Anti-aging-developments November - 2012


age-well.org > Anti-aging Discoveries > Anti-aging-developments - November 2012

by Mary Treacy

Magnesium can reduce the risk of stroke

If you have already suffered a stroke or if you are worried because family members have been prone to strokes and you think it might be an inherited weakness, you might want to take a supplement in order to increase magnesium levels. For every 100 mg increased consumption on a daily basis, the risk of ischemic stroke decreases by nine percent. Ischemic stroke is one of the most common types of stroke, caused by a blockage in one of the blood vessels which supply blood to the brain.A blood test exists which can monitor magnesium levels in your blood. Ask your doctor.

(Source: Dr. Marilyn Glenville Newsletter, Am J Clin Nutr 2012;95:362–6)


Taking Zinc Could Help You Shake That Cold

According to a review in The Open Respiratory Medicine Journal, taking zinc could decrease the length of a common cold by up to 42%.

The role of zinc is supporting the human body ranges from helping increase fertility through fostering growth and development to boosting the immune function.

(Source: Dr. Mariyn Glenille newsletter; The Open Respiratory Medicine Journal, 2011;5:51-8.)


Conference to Raise Awareness About Diabetes

Diabetes: A Call to Action is the name of a conference which will take place on 23rd April 2013t at the Harrogate International Centre.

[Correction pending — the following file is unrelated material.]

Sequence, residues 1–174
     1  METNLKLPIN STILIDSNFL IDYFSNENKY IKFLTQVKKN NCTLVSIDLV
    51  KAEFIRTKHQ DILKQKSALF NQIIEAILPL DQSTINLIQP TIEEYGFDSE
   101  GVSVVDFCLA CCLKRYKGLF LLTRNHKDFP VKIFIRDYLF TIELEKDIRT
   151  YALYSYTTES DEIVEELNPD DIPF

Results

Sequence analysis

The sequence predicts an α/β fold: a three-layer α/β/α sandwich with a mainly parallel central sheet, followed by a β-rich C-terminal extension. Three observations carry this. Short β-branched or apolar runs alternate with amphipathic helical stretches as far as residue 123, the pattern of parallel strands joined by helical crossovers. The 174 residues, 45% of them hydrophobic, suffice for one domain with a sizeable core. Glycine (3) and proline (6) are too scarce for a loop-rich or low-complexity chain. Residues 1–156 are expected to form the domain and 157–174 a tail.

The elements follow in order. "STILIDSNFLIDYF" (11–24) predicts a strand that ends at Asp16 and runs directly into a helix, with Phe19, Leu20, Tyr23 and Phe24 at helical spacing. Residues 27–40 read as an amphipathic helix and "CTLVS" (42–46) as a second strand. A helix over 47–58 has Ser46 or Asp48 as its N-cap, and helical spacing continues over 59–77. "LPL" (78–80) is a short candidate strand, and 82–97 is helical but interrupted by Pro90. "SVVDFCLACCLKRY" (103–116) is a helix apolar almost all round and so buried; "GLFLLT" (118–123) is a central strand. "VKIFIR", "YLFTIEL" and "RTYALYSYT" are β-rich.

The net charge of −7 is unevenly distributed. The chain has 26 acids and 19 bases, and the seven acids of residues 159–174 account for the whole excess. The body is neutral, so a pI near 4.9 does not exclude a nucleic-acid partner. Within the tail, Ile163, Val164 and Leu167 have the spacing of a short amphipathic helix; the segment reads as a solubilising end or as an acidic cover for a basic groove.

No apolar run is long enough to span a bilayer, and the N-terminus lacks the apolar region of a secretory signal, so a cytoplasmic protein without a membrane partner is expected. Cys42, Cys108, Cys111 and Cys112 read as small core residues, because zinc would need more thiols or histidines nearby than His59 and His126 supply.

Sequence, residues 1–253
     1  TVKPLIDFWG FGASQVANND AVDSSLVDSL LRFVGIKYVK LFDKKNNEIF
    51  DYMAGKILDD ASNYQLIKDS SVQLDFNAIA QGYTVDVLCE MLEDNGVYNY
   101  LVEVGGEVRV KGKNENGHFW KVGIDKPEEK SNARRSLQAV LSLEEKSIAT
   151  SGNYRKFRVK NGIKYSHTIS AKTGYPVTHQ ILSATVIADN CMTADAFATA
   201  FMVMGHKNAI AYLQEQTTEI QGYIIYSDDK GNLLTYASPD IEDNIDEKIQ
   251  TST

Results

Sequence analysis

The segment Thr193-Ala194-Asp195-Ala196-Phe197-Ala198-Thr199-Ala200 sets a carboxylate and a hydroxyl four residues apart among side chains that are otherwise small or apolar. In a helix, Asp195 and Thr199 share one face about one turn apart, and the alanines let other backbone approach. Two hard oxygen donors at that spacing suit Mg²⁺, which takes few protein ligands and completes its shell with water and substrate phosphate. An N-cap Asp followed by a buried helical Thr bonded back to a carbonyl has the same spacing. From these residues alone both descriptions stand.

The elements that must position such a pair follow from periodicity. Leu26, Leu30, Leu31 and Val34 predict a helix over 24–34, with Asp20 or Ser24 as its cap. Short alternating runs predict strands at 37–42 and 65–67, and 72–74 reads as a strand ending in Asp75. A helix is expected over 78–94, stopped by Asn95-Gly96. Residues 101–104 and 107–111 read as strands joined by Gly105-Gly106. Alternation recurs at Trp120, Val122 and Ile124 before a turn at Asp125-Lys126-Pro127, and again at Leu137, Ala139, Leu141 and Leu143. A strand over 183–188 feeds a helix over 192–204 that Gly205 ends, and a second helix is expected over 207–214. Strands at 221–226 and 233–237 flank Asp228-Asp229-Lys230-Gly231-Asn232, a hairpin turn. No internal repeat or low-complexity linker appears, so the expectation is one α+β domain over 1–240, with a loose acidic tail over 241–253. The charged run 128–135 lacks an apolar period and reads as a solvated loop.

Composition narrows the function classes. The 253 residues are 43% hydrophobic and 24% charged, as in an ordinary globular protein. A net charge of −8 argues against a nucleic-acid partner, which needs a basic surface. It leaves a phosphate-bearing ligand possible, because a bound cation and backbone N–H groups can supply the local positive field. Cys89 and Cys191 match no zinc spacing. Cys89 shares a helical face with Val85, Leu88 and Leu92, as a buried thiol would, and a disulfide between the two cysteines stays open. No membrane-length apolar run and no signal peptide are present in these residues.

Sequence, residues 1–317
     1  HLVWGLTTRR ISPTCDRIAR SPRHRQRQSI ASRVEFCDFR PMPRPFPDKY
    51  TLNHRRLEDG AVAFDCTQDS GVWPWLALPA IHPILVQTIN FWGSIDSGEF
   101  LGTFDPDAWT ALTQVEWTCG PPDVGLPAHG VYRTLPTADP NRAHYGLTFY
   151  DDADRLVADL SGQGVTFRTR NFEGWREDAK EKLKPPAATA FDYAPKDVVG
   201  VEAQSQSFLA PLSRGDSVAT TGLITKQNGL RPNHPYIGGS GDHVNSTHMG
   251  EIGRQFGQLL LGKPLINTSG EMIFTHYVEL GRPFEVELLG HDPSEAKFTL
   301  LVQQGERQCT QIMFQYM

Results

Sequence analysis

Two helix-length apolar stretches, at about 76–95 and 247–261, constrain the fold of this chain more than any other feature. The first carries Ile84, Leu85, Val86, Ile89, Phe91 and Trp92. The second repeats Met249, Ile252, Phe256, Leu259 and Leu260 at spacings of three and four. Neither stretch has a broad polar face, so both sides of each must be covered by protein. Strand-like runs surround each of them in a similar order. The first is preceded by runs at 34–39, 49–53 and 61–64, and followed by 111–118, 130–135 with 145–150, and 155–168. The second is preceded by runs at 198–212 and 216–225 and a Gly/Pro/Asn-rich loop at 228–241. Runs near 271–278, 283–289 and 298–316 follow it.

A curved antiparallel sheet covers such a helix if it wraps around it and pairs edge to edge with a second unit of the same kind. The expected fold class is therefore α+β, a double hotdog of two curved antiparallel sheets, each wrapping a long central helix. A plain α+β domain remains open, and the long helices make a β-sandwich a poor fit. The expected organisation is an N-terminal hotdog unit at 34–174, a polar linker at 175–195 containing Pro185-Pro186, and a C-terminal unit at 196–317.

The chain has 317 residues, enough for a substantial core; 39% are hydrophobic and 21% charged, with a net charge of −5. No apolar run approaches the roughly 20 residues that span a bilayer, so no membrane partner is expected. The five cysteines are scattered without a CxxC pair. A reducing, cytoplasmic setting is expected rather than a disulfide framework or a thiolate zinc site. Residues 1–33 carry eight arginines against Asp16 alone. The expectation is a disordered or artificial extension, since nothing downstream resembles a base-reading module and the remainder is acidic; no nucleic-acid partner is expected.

It aims to raise awareness about the challenge that diabetes presents to both the nation and to the lives of individuals? It also aims to discuss ways to ensure that those living with diabetes lead happy, healthy and active lives.

There are 2.5 million people in the UK living with diabetes which costs over £9.8bn (10% of the overall budget of the national health service).

Confirmed Speakers Include

Professor Mike Kelly, Director, Centre for Public Health Excellence, NICE

Dr Moira Harrison, Principal Lecturer in Diabetes, School of Pharmacy and Biomolecular Sciences, University of Brighton

Dr Shahrad Taheri, Senior Lecturer in Medicine, Diabetes and Endocrinology, University of Birmingham

At Diabetes: A Call for Action, the key concerns surrounding diabetes will be addressed and discussed. The audience will hear from a line-up of expert speakers and have the opportunity to debate as to which policies and strategies should be recommended to government and how to apply in healthcare and beyond. Delegates will learn of examples of best practice and stories of success which can benefit their own organisations and most importantly their patients.